The 'Eight Immortals of the Wine Cup' (Yinzhong baxian) is a poem written by the Tang dynasty poet Du Fu (AD 712-770) who, like many Tang dynasty men of letters, derived considerable enjoyment, and, apparently, inspiration, from drinking wine.
This poem provided the subject for paintings at least as early as the Yuan dynasty (1279-1368), and appeared as decoration on porcelain in the Qing dynasty Shunzhi reign (1644-1661), although it was particularly popular in the Kangxi reign (1662-1722).
In his poem he chose to celebrate the drinking habits of other literary men of his time, including that of his great friend Li Bai (AD 701-62).
Du Fu said about the Eight Immortals:
Li Jin, Prince of Ruyang:
'Ruyang can drink three gallons [of wine] by daybreak,
But when a wine cart passes his mouth still waters,
He would prefer to take up an appointment in Jiuquan [Wine spring].'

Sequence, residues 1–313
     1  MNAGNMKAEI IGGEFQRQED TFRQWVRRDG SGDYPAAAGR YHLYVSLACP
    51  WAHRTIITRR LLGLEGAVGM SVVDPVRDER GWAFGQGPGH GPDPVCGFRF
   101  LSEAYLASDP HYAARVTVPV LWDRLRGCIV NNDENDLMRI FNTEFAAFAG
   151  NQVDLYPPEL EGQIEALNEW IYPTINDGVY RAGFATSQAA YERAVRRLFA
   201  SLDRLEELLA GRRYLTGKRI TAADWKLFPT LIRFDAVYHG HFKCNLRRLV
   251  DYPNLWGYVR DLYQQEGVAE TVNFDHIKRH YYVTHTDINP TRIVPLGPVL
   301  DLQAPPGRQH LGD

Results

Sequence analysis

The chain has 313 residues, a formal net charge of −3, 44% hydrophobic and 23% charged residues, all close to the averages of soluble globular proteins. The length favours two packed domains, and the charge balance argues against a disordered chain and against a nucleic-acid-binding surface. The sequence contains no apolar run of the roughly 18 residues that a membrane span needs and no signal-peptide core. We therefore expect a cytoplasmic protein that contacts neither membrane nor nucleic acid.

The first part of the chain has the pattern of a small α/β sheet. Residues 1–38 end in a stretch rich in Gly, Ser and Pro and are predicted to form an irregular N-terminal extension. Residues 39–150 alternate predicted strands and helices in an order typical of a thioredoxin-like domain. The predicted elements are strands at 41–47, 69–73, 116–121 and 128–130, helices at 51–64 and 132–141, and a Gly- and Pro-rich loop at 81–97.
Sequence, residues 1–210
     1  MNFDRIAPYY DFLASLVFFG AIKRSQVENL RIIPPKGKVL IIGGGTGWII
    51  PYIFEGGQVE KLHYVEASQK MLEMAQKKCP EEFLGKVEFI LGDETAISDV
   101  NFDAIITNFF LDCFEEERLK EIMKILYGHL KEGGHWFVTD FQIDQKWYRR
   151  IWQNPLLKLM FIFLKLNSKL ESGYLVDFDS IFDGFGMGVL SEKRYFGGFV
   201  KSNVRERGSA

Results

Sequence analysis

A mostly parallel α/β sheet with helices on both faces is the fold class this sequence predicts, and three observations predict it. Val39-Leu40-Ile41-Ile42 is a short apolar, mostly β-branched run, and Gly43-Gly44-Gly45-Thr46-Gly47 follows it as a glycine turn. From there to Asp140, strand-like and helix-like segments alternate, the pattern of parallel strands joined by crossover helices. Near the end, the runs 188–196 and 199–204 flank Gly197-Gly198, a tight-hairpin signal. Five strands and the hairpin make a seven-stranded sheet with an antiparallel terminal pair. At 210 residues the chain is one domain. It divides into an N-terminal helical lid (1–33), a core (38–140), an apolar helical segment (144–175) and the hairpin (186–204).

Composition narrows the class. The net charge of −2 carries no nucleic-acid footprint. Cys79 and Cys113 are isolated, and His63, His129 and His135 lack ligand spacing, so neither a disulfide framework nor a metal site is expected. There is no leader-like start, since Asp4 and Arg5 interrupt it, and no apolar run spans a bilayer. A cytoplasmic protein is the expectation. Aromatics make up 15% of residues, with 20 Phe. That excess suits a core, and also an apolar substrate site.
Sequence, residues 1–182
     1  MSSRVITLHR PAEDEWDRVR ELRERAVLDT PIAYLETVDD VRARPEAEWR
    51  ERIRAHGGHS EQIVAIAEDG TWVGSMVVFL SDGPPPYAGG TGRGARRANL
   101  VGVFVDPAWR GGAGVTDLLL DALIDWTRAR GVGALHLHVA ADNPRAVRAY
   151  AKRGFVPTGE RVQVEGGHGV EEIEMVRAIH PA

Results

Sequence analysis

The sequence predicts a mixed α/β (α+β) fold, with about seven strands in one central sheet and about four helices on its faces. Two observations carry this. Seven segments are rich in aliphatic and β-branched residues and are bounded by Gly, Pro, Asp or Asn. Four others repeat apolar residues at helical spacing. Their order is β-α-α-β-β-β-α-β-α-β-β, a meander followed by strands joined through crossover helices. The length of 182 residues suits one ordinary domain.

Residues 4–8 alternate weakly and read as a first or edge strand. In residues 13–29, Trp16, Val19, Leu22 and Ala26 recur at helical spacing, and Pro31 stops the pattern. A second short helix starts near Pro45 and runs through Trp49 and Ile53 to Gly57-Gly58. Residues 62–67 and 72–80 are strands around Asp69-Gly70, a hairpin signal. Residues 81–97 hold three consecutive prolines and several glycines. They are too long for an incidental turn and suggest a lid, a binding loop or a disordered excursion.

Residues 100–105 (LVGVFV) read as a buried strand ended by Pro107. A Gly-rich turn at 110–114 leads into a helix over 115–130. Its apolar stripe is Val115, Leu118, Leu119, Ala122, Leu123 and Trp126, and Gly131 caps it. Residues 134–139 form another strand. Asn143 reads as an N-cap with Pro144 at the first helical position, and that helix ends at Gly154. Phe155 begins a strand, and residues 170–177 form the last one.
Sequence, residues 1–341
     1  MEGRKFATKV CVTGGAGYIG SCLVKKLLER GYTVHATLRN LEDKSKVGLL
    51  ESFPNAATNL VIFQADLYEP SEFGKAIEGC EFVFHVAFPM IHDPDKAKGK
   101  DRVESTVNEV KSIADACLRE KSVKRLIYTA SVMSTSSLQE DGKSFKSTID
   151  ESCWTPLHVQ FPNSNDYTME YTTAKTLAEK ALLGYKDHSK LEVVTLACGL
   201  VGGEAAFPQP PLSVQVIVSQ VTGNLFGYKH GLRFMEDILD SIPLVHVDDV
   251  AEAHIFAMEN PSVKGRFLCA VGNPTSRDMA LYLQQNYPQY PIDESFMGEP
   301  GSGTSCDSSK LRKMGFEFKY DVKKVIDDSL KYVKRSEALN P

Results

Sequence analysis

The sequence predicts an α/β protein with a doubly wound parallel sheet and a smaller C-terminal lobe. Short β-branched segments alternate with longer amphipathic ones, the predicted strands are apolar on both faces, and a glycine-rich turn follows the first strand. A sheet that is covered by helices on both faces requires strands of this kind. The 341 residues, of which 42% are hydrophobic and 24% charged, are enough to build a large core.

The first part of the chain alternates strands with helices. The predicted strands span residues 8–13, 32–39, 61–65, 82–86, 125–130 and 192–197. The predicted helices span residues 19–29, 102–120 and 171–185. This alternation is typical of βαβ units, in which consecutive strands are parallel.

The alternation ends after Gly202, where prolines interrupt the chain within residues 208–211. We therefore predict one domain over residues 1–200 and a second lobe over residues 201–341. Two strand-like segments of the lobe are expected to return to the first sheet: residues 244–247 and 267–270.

He Zhi-zhang sits crosswise in his saddle
as if he were riding across seas
in his befuddlement he seeks a cool well
to sink into a deep sleep.
Minister Li Shi-zhi spends daily for his wine ten thousand cash
and he drinks as a whale drinks from the sea
each time his lips are so happy they burst into song
the eternal words, keep it straight, no diluting for me.
Cui Zongzhi light-hearted and carefree, handsome young master, raising the wine cup, the whites of his eyes look toward the clear sky, he sways like a jade tree in the wind.
Su Jin has made a vow to the Buddha embroidered on his vest
but for his drunkenness he takes care to forget all his rules.
Li Tai-bo drinks a gallon of wine, writes a hundred poems
then sleeps it off in the back of a wine shop in Chang-an
when the emperor asked him to board the royal barge
he shouted back, I am a drunken immortal.
Zhang Xu needs three full beakers for his art
then his brush brings fairy clouds down to the silk
his cap tossed aside in his frenzy, bareheaded before princes.